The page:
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Picture: 123RF/Scan Rail
Picture: 123RF/Scan Rail

New York — Visa and Mastercard reached an estimated $30bn settlement to limit credit and debit card fees for merchants, with some savings likely to be passed on to consumers through lower prices.

The antitrust settlement announced on Tuesday is one of the largest in US history, and if it received court approval would resolve most claims in nationwide litigation that began in 2005. Some opponents believe it may not go far enough.

Merchants have long accused Visa and Mastercard of charging inflated swipe fees, or interchange fees, when shoppers used credit or debit cards, and barring them through “antisteering” rules from directing customers towards cheaper means of payment.

Swipe fees typically include small fixed fees plus percentage of total sale amounts, and average about 1.5% to 3.5% per transaction according to

Under the settlement, Visa and Mastercard would reduce swipe rates by at least four basis points (0.04 percentage points) for three years, and ensure an average rate that is seven basis points below the current average for five years.

Both card networks also agreed to cap rates for five years and remove antisteering provisions.

Merchants will have more discretion to offer discounts, or impose surcharges on cards with higher interchange fees.

Many already warn customers at checkout they will pay more using cards instead of cash.

The fee rollbacks and caps alone are worth $29.79bn, according to court papers, and Visa estimated that small businesses comprise more than 90% of the settling merchants.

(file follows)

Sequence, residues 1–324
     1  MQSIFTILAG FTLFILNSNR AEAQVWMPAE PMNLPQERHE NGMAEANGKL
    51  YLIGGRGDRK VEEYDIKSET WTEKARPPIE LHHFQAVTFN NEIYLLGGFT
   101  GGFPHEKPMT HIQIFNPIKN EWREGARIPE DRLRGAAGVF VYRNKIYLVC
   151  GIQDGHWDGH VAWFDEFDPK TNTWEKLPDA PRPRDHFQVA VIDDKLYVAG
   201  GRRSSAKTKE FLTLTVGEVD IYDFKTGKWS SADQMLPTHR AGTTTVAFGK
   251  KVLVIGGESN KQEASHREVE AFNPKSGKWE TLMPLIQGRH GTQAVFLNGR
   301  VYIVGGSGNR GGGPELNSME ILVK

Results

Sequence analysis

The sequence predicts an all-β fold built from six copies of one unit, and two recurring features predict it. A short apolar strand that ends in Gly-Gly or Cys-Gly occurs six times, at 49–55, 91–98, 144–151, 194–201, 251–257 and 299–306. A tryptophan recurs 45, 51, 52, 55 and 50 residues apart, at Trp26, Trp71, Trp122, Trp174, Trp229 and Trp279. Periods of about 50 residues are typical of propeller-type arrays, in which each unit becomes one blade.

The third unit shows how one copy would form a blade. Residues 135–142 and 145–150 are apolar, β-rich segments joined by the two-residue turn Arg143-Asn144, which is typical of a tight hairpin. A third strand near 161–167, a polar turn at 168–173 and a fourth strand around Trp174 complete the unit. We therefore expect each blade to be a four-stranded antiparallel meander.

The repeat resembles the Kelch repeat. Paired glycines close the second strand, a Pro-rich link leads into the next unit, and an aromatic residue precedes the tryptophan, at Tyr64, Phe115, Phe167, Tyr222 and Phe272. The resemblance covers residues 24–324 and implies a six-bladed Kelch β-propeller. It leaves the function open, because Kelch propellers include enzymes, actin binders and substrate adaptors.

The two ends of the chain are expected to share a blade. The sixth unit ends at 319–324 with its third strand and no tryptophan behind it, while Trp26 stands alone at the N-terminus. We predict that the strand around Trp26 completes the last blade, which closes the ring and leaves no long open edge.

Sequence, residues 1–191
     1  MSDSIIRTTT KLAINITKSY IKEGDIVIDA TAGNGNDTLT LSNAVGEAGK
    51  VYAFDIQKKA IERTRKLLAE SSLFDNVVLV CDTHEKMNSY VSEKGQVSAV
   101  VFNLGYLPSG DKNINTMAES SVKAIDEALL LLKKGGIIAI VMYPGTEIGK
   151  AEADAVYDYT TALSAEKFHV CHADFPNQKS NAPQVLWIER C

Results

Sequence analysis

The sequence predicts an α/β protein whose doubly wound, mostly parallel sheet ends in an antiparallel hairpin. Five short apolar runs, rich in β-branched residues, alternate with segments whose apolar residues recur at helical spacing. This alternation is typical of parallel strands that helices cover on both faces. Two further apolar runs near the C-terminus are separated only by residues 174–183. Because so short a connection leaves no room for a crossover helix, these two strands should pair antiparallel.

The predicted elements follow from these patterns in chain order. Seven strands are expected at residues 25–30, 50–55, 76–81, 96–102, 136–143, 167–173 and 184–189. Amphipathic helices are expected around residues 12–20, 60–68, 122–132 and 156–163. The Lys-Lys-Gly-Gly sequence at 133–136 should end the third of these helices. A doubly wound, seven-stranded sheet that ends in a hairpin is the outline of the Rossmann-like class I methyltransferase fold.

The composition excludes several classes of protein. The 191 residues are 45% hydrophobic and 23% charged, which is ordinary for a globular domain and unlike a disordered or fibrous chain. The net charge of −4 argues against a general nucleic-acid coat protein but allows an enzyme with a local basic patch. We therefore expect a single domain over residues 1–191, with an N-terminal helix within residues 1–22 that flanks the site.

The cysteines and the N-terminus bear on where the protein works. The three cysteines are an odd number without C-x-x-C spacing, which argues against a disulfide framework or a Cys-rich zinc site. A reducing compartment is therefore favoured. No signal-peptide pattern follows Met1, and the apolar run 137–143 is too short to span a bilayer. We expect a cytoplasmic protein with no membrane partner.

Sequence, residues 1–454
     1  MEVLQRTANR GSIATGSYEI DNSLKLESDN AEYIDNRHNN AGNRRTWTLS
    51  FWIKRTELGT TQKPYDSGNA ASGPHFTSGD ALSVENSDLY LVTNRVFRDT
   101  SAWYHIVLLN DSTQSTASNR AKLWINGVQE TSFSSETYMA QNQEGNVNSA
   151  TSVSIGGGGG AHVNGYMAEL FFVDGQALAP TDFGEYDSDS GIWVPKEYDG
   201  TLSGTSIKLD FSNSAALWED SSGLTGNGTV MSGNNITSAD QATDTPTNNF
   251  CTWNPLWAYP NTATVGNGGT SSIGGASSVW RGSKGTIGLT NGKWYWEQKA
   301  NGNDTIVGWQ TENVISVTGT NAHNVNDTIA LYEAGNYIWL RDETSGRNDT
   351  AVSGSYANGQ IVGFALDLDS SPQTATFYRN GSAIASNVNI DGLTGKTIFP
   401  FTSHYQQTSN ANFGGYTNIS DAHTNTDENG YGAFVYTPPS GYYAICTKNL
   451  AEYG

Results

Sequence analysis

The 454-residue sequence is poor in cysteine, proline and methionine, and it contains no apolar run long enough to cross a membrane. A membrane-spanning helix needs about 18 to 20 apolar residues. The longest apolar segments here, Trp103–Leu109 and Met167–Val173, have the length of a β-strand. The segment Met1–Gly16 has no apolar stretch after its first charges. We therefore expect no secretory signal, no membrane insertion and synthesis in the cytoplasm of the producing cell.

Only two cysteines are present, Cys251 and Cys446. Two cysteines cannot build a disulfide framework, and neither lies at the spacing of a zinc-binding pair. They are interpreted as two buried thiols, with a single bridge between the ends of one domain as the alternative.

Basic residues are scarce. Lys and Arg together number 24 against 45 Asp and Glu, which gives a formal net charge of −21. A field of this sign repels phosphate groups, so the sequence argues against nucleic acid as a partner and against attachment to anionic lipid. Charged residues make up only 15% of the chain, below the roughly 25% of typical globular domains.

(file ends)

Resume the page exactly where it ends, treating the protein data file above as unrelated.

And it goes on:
Visa and Mastercard denied wrongdoing in agreeing to settle.

In separate statements, Visa’s North American president Kim Lawrence said the accord addressed “true pain points” identified by small businesses, while Mastercard general counsel Rob Baird said it offered “substantial certainty” to businesses.

Visa and Mastercard shares were each up less than 1% in afternoon trading, with Baird analyst David Koning writing that the settlement removes an “overhang of uncertainty”.

The settlement requires approval by US district judge Margo Brodie in Brooklyn, New York, likely not before late 2024 or early 2025, and appeals are possible.

“It’s a bad deal for merchants,” said Doug Kantor, general counsel of the National Association of Convenience Stores, in an interview. “It provides very small, very temporary relief, but afterward Mastercard and Visa will be free to raise rates, and the agreement doesn’t provide a mechanism to slow an increase.”

The Retail Industry Leaders Association, which represents businesses that employ more than 42-million Americans, said the settlement required closer review but amounted to “a mere drop in the bucket”.

TD Cowen analyst Jaret Seiberg wrote that small banks and credit unions may object because big retailers such as Walmart could cut deals with larger banks for cards that offer discounts at checkout.

But he said the accord reflects “extraordinary concessions” by Visa, Mastercard and banks because merchants can impose surcharges on airline and cashback credit cards, though few may because they would rather complete sales than save on fees.

Last March, the federal appeals court in Manhattan upheld a $5.6bn class-action settlement by Visa and Mastercard, covering damages for about 12-million merchants, but did not resolve what kinds of fees could be imposed.

Tuesday’s settlement attempts to do that, but would not resolve damages claims by merchants that opted out of $5.6bn settlement and sued separately.

Joseph Stiglitz, a Nobel prize-winning economist and expert hired by the settling merchants, in an affidavit said the settlement “greatly enhances merchants’ freedom to steer customers using the linchpin of competition — prices,” and could lead to “very substantial” savings for merchants.

“Competition among merchants results in these cost savings being passed on to customers in the form of lower prices,” Stiglitz added.

Some US senators have promoted legislation, the Credit Card Competition Act, to let merchants process Visa and Mastercard credit cards through other payment networks.

Darrin Peller, an analyst at Wolfe Research, wrote that Tuesday’s settlement “likely takes some wind out of the sails” of that effort.


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